I’m at the midpoint of my summer internship and I’m having mixed feeling about…well, everything. It’s been a month and I’ve accomplished a lot, in terms of interviewing women, collecting research and visiting several different sites, but I feel like I’ve accomplished nothing in terms of integrating and adapting to Indonesia. There are definitely some reasons I can identify as to why I feel unaccomplished, but I’m sure there are other reasons that aren’t making themselves too evident:
- I had assumptions and expectations – someone once told me that making assumptions was the dumbest thing you could do (maybe not in those words, but that’s what she meant). Ever since then, I cringe when I’m talking to someone and I say, “Well, I assume it was because….” because I wonder if they’re thinking, “wow, she’s making assumptions – not smart.” But then I remember that everyone makes assumptions. I didn’t realize that Indonesia was as developed as it is and I didn’t really grasp that there were 200 million people here. I mean, how can you really know what 200 million people feels like, when the largest population you’ve lived amongst was 500,000?
- I also expected things would be a little different than they are. I don’t really feel like I’m doing a ton of physical work, since I’m not doing the interviewing, but rather listening to 12-15 interviews a day in Indonesian and then circling the women’s responses on my questionnaire. I suppose interviewer fatigue has set in. I know I’ll have a ton of work to do analyzing the data and writing my report when all is said and done, I just wish I was a little bit more involved in the day to day. I also thought (though I don’t know why) that I’d be involved in coordinating things, and since I’m not and have really no control over the coordination of our day to days, it gets annoying when things don’t go right. Everyone seems very laid back about the research I’m doing, but I feel very protective of making sure that everything’s perfect since I’m planning on using the data for my master’s paper and hoping to publish or possibly submit for Global Health Council. It’s frustrating to think that you’re on the same page with someone and constantly get questions like, “So, what do you want to do?”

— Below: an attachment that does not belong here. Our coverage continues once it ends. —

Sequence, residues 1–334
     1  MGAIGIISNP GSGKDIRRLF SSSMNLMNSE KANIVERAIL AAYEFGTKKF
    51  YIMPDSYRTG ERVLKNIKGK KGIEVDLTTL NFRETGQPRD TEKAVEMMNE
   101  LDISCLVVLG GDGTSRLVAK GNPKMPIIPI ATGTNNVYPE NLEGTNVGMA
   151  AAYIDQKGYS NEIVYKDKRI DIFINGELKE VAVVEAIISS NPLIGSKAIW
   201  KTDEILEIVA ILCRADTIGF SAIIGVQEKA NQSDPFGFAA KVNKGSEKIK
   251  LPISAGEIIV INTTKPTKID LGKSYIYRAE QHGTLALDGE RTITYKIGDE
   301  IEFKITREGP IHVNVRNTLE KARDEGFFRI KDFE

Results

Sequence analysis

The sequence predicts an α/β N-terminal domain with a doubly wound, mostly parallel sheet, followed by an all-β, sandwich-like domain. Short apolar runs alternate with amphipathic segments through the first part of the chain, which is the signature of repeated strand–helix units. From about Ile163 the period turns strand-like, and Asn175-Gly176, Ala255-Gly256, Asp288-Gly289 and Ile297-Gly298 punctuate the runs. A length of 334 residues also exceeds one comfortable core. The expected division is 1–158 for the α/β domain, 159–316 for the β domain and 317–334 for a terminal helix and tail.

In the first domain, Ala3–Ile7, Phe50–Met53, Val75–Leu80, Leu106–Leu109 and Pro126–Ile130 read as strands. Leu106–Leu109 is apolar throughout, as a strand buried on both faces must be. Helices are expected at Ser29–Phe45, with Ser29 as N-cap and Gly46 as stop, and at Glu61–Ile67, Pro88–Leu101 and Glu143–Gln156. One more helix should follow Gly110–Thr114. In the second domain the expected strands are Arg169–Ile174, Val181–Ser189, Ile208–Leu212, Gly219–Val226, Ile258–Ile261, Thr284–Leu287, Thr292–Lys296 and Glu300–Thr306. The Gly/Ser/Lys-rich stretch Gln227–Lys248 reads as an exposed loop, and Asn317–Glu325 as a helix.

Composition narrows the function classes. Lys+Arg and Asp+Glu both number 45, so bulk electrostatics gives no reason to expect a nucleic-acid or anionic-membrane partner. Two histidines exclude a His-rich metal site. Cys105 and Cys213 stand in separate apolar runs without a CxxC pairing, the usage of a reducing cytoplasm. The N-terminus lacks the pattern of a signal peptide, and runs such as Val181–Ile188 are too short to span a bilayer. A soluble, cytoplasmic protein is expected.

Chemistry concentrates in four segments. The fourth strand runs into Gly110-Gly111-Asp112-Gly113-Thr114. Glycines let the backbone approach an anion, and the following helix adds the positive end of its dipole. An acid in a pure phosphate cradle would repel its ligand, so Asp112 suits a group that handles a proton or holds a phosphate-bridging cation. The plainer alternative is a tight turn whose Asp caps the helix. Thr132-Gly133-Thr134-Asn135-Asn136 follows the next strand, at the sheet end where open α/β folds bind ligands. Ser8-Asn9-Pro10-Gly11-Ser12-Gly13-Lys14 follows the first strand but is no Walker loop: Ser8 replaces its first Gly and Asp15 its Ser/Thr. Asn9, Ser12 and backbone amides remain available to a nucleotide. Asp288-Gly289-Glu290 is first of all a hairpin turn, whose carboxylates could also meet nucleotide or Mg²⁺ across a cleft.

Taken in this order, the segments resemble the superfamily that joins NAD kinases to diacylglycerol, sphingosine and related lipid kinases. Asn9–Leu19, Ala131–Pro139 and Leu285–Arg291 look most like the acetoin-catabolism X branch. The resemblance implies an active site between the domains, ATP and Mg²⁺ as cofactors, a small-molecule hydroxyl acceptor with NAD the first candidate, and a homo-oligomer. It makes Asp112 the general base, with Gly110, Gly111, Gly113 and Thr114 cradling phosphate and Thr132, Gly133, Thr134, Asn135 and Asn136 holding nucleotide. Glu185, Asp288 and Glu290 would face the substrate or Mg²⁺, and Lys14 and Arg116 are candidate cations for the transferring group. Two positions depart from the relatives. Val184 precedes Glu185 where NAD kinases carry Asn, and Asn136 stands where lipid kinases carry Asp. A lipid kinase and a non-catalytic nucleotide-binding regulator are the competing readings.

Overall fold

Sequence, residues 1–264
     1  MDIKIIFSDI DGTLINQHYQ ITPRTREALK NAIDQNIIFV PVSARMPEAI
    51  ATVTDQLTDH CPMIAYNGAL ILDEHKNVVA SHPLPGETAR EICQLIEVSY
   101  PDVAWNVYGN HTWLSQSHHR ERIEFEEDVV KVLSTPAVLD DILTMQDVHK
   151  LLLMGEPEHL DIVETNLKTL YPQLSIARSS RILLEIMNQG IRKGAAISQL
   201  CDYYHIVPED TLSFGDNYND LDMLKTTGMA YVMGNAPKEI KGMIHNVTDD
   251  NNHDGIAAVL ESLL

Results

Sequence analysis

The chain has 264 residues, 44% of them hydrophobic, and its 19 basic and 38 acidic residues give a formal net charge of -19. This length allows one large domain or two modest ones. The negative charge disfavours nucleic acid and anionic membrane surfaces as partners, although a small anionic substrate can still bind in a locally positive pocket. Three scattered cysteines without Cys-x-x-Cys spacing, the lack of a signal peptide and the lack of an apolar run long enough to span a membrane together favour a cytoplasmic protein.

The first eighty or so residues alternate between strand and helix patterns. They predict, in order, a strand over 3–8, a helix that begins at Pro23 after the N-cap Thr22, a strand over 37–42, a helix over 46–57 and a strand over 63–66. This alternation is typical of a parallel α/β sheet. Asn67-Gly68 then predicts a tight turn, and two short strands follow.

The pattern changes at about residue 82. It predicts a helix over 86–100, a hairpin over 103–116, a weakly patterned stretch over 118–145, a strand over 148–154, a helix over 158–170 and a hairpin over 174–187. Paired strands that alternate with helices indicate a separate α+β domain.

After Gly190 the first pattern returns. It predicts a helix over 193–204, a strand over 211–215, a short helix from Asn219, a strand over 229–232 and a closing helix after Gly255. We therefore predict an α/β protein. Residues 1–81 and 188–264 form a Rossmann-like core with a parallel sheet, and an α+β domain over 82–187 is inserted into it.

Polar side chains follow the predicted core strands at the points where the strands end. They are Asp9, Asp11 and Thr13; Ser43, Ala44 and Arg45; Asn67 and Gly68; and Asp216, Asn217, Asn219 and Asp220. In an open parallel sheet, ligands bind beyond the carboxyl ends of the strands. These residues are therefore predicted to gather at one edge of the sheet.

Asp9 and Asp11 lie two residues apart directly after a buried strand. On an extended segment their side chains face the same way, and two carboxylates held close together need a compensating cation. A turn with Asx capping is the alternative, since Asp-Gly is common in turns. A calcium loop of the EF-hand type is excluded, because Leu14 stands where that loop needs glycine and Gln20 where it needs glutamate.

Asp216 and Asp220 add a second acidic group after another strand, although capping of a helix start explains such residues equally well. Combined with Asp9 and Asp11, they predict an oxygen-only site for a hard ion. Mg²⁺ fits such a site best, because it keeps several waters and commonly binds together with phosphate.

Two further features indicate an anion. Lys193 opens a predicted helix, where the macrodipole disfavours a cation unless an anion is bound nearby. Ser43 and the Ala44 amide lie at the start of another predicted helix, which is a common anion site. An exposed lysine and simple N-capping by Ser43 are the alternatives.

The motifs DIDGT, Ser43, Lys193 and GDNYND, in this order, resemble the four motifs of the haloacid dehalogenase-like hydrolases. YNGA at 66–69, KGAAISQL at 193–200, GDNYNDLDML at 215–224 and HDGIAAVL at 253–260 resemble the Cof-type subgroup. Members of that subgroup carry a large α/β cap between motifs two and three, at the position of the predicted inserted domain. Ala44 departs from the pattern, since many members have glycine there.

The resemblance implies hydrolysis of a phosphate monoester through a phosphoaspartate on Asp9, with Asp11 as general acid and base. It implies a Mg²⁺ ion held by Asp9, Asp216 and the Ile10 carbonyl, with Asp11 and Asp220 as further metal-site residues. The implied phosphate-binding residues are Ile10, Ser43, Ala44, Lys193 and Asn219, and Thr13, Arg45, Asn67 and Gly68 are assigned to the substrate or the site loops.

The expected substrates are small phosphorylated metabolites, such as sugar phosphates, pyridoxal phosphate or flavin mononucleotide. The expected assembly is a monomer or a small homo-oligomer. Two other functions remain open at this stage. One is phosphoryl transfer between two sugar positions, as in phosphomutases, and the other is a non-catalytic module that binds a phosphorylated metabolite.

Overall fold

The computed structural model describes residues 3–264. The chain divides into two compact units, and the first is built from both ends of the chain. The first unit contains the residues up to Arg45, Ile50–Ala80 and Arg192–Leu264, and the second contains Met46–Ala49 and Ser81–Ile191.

- I constantly compare everything to Mali – I love Mali, we all know that. My heart is there, my life is there, and I will be there (soon). During my first year at UNC, I focused on Indonesia in a variety of classes or for papers. I wrote about Islamic Feminism in the context of Indonesia and studied the data from the DHS on family planning until I was sick of it. I was intrigued by the idea of Indonesia and how so many public health programs had been successful here. I thought it would be a great idea to see them in action and see how they could be transplanted or adapted to Mali/West Africa. I also kind of fell in love with the idea of Indonesia – the largest Muslim population, the sight of hundreds of beautifully decorated mosques, a country made up of thousands of islands, Bali – what wasn’t to fall in love with? I even talked to Baba about the possibility of moving to Indonesia and working here for awhile. He definitely didn’t love the idea, but I thought I needed to come see it to decide if the romantic idea of Indonesia in my mind matched the reality. It doesn’t for me, and no matter what happens here, I’m really happy that I know that. I miss the simplicity of Mali: the deserted highway from Bamako to Sevare with the exception of villages popping up here and there; the dusty roads traveling out to villages, the freedom to ride my bike anywhere and everywhere I want, and more than anything, the ability to connect and communicate with everyone and the openness and friendliness of – most – Malians. I don’t speak Bahasa Indonesian, and to be honest I really have no desire to. This pains me to say, as a devout Peace Corps volunteer, whose goal was to integrate into the community. Instead of listening to my Learning Indonesian podcasts and faithfully carrying around my Lonely Planet Phrasebook, I speak to most people in French and Bambara because in my mind, that’s what I should be doing in a foreign country. I don’t anyone here, with the exception of Anne, the woman I’m living with, a few staff at Jhpiego and my translator. And maybe it’s easier not to know anyone? Since I don’t have long term plans here, maybe it’s better not to get attached to anyone, I don’t know.